The fireplace grate is the unsung workhorse of your home fireplace system. It doesn't get put on display, like a fireplace tool set. It doesn't frame the fireplace like a set of glass doors. It doesn't draw attention to itself at all. The fireplace grate simply holds the wood in place so that you can set fire to it and enjoy the warmth and the view.
A basic fireplace grate consists of a metal framework that holds the logs in place. The metal is usually cast iron or steel and should be sturdy enough to take a lot of abuse. It will have four or more feet to hold the grate up from the floor of the firebox. Often these feet are simply extensions of the metal framework that are bent downward.
There are several things to consider when purchasing a new fireplace grate.
Size may be the most important aspect to consider in a fireplace grate. You want it to be able to fit nicely into your fireplace without scraping against the walls or, worse, putting the fire too near the top.
To find out what size grate you need, you need to know the measurements of the inside of your firebox. If you don't have those specifications handy, you can take the measurements yourself with a tape measure. You want to know the measurements for the width of the opening into the firebox (how much space is there between the fully opened glass doors?), the depth of the fireplace (how far back does it go with the doors fully closed), and the height. Don't measure the height from the center where the ceiling rises up into the flue. Rather, measure the height along one of the sides.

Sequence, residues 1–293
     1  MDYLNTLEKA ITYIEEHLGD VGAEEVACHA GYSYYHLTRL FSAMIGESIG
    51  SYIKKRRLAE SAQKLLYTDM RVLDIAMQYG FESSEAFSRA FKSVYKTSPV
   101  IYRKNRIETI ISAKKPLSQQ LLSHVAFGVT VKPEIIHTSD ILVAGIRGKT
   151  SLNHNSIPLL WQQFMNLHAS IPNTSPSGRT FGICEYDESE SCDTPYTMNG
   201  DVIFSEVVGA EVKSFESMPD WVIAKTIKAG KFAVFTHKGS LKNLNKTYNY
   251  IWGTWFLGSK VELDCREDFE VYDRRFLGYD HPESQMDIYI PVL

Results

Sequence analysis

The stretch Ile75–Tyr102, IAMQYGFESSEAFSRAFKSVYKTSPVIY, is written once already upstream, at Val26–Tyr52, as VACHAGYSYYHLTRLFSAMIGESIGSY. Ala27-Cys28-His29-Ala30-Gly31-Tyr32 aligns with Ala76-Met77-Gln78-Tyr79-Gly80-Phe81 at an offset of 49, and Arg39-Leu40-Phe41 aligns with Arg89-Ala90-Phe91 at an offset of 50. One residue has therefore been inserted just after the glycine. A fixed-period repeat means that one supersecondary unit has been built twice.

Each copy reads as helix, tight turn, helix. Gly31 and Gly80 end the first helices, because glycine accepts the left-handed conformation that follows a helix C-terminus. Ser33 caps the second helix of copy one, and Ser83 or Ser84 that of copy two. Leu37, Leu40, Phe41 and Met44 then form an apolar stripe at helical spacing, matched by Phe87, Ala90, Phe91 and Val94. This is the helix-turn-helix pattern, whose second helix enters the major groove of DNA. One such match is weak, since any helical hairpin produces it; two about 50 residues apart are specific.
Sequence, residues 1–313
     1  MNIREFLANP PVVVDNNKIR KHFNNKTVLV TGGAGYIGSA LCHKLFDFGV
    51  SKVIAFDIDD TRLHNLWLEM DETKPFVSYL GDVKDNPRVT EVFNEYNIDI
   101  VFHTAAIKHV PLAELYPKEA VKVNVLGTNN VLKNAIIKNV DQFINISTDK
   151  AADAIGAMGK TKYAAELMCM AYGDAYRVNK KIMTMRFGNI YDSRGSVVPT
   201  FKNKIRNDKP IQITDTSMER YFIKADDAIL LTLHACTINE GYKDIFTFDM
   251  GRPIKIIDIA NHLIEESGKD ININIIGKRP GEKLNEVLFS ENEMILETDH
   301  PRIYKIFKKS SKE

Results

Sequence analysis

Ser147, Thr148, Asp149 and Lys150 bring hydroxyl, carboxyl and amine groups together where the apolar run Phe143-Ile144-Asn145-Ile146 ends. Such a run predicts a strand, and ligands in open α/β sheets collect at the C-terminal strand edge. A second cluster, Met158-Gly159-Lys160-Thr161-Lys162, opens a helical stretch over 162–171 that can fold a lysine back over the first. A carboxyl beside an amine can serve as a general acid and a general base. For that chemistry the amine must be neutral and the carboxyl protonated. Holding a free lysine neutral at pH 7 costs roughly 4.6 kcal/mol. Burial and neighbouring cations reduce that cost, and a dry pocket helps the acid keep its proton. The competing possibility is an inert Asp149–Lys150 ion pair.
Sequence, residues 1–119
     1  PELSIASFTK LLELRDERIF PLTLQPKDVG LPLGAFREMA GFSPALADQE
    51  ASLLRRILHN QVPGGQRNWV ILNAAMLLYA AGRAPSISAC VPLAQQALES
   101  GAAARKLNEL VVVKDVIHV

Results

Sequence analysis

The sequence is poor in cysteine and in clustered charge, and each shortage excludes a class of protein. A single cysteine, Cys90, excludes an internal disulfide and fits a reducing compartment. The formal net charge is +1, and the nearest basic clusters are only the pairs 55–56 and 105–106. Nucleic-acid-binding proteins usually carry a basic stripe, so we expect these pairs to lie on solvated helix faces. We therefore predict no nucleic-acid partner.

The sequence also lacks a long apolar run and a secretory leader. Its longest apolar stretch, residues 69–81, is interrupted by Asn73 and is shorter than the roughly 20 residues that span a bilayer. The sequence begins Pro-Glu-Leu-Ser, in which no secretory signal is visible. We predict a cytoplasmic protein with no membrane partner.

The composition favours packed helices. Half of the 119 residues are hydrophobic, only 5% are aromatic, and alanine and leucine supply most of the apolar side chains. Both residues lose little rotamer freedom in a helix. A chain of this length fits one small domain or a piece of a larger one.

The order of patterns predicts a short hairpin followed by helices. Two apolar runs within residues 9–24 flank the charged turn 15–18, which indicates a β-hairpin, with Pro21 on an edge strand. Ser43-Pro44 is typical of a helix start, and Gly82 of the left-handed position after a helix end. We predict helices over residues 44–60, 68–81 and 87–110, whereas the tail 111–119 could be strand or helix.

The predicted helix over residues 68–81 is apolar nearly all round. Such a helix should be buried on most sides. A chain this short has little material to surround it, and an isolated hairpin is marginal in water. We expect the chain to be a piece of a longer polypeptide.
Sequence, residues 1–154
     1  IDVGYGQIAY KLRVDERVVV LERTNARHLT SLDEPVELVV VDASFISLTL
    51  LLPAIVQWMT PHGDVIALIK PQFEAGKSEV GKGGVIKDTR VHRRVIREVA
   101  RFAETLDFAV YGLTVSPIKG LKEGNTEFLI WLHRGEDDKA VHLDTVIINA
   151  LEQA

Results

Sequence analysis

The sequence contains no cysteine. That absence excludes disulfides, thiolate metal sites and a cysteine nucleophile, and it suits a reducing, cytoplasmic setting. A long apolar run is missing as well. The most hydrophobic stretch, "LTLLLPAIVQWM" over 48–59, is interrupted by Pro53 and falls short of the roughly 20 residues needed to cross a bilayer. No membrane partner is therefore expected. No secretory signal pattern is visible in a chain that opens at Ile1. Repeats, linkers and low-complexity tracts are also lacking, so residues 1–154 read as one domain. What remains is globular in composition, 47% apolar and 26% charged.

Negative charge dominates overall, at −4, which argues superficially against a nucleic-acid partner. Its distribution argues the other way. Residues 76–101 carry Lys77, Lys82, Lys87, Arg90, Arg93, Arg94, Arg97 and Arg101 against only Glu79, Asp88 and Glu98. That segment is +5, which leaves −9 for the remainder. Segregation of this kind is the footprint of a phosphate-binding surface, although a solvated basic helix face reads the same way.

With those parameters in mind, feel free to buy the largest grate that will fit while still leaving you a few inches clearance on all four sides of the grate.
You also want to make sure you have enough clearance at the top. Allow for a generous amount of space between the top of the wood pile on the grate and the bottom of the damper. You don't want flames actually shooting up into the chimney. At the same time, you do want the legs of the grate to be reasonably tall. Four inches should be plenty. The purpose of the grate will be frustrated if you don't get a good air flow going in under the grate and coming up through the logs to fuel the fire.
If you have a "zero clearance" fireplace, make sure you get a grate that is rated for use with that appliance.
Fireplace grates take a lot of abuse. Over time, they can fall apart. Some manufacturers will rate their grates for life, others for three years. Make sure that whatever you get is sturdy and that any welds are strong. It's no fun replacing one of these things.
Fireplace grates can cost anywhere from $30 to $150.